Grasscut - 1 Inch / 1/2 Mile

2010-06-27 | |

To mention the name Grasscut at this point in time is, truthfully, the way to get a response equalling "Who?" Sad as that truth is, it's what puts them out in that great moment of Tony Wilson-esque "History". No doubt the speech has made its rounds on this blog quite enough, but, to refresh you on it (breifly - Ed.): A moment in history doesn't require a vast following: 3 at the death of Julius Caesar, 13 at the Last Supper, a few dozen at the first Sex Pistols gig in Manchester which lead to Factory Records being created. Therefore, this little-known Brighton twosome are obviously destined for greatness in the world.

The debut album of Brighton-based duo Andrew Phillips and Marcus O'Dair, simplistically titled 1 Inch / 1/2 Mile, is a musical map of the lives and times of the British Isles. Travelling from the Suffolk South Downs, via Wales, Brighton, and the words of Ezra Pound and Hilaire Belloc, the sounds that emanate from this album encapsulate a sense of electronica, and a long-forgotten time. In places, it is woeful, folorn, a total post-punk, post-apocalyptic masterwork. In others, it actually reeks of Steampunk, but, I am hesitant to call it that, since it's more structured and narrative; a sort of Steamfolk, if you will.

From almost sounding like a half-baked 65 Days of Static, this duo build up the album through High Downs, Old Machines and Meltwater, before falling into what I can only describe as the best piece of sampling I have heard thus far. That comes in the shape of The Tin Man, a song that involves a creaky gate recorded on a mobile phone, "the People's Tenor" on a '20s vinyl, and the story of a man with a metal cane. It is at this point where the Marmite Factor comes into it - you'll either love the high-pitched, antiquated vocals from the recorded gramophone, or you'll loathe the entire project thus far. From then on, it drifts between Eluvium and 65DOS in equal measure; ambient, enthralling, and slightly quirky.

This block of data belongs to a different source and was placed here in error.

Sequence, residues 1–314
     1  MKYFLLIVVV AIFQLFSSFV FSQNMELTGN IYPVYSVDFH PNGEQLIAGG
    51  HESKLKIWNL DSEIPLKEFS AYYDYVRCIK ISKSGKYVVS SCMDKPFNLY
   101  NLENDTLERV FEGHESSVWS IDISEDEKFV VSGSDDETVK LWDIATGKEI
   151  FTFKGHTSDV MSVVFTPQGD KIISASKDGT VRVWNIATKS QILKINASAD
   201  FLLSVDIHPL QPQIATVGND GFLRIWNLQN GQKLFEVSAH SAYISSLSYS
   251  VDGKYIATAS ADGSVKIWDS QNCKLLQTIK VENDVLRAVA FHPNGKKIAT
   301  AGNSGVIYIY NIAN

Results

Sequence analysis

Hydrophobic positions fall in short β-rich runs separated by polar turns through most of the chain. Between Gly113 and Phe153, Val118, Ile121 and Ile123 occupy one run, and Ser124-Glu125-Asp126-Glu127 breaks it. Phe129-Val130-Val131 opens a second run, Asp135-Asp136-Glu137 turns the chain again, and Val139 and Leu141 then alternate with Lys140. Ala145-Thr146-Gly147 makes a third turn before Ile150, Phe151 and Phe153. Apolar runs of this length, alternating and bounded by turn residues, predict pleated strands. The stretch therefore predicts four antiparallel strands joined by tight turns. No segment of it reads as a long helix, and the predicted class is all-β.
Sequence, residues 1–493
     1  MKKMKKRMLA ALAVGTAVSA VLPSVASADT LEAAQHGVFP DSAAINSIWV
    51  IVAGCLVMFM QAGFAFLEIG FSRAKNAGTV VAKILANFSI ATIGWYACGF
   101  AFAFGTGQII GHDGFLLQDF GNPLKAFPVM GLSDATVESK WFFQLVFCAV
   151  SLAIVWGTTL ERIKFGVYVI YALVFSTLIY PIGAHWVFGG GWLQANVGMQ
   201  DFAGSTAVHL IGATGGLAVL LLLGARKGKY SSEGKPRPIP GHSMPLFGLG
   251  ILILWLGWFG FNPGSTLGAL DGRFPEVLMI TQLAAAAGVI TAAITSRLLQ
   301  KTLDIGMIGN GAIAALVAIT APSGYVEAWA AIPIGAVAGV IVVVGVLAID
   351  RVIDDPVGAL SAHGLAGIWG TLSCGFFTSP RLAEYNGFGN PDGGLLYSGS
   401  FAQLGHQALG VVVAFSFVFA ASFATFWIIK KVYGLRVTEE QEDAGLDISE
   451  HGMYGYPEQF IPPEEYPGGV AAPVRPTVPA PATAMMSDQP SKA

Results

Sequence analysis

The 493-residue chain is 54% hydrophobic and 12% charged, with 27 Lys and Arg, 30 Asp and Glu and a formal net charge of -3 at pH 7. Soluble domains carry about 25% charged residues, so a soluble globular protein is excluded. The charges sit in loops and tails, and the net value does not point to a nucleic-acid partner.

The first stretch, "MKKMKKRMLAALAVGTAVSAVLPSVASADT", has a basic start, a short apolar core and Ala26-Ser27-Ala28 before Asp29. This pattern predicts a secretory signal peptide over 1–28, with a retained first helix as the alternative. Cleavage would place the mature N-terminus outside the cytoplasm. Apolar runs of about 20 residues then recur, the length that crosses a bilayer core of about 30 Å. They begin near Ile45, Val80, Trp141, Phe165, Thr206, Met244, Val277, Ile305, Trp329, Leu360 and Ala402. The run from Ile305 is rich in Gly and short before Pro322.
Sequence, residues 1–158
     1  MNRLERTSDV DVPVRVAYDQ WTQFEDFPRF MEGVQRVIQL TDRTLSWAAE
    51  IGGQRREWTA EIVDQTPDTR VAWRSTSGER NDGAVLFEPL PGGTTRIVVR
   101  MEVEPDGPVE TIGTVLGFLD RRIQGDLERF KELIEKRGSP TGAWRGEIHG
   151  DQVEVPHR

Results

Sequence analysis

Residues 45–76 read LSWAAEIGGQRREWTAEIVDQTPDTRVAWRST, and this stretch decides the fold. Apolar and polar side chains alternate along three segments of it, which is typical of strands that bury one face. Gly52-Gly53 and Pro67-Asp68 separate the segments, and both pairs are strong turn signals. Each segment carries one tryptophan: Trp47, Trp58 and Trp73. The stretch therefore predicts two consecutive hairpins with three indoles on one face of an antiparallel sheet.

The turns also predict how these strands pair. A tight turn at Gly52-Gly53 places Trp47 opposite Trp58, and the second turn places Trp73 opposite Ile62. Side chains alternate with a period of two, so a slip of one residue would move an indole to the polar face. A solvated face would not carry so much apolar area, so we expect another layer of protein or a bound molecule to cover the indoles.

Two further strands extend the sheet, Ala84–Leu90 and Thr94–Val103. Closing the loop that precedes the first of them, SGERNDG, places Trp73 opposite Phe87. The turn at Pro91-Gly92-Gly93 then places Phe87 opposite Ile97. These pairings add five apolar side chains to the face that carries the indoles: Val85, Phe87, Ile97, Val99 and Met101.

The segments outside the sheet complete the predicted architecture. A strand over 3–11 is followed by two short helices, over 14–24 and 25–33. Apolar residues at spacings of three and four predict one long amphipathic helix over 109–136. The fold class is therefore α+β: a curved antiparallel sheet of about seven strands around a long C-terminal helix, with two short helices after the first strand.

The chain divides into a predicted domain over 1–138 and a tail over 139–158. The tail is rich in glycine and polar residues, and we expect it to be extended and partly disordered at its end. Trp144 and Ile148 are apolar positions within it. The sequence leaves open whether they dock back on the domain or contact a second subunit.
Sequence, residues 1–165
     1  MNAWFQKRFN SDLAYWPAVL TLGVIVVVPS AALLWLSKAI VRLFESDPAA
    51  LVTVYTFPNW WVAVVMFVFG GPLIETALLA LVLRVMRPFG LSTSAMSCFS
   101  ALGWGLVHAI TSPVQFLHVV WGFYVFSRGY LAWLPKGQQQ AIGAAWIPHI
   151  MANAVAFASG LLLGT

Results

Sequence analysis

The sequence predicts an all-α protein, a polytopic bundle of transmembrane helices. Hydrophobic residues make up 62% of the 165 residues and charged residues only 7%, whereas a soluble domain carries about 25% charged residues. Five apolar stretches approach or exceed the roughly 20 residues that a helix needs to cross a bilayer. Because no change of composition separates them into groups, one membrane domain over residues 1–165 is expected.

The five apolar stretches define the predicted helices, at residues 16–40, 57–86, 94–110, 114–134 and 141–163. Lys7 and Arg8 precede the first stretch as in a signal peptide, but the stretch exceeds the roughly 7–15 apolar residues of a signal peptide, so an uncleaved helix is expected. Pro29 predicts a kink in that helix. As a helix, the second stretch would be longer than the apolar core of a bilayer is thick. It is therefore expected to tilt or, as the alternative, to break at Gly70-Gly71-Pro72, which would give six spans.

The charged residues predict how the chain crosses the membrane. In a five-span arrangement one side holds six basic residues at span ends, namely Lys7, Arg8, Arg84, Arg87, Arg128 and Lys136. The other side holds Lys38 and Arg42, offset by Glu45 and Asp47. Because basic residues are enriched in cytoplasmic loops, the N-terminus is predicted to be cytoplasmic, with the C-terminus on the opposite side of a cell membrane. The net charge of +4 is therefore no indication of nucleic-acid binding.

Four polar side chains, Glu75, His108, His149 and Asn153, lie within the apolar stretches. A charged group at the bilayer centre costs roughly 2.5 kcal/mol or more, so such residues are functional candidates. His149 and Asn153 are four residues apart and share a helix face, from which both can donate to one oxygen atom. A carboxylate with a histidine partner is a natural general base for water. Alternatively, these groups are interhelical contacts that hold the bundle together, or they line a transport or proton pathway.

Personally, there are few faults within this album. Okay, that was far too subjective. Objectively: There are flaws. They're not gaping holes, but they do strike you as obvious ones - sometimes the melodies don't match the sampled lyrics. Other times, the songs just sound out of place (Muppet being a key example). However, what it does is falls into that category of music that I actually think lacks a name at present. It's in there with groups like the Unextraordinary Gentlemen, or The Correspondents. If labelling and genre pigeonholing were my cup-of-tea, I'd have to pin them all under the same Retronica label.

So, insofar as Retronica goes, this is a pretty decent attempt at reconciling the past and the present. This is also a pretty good attempt taking a road-less-travelled. In fact, despite it probably fading into obscurity very quickly, I think 1 Inch / 1/2 Mile has all the makings of a genre-definer, if taken into the fold, and given pride of place with the other Retronica albums of note. Here's hoping, eh?

Overall: 6/10 - A bit ropey in places, but, all the trappings of a good, solid album lie under the cracks in the masonry.

Top Track - The Door in the Wall

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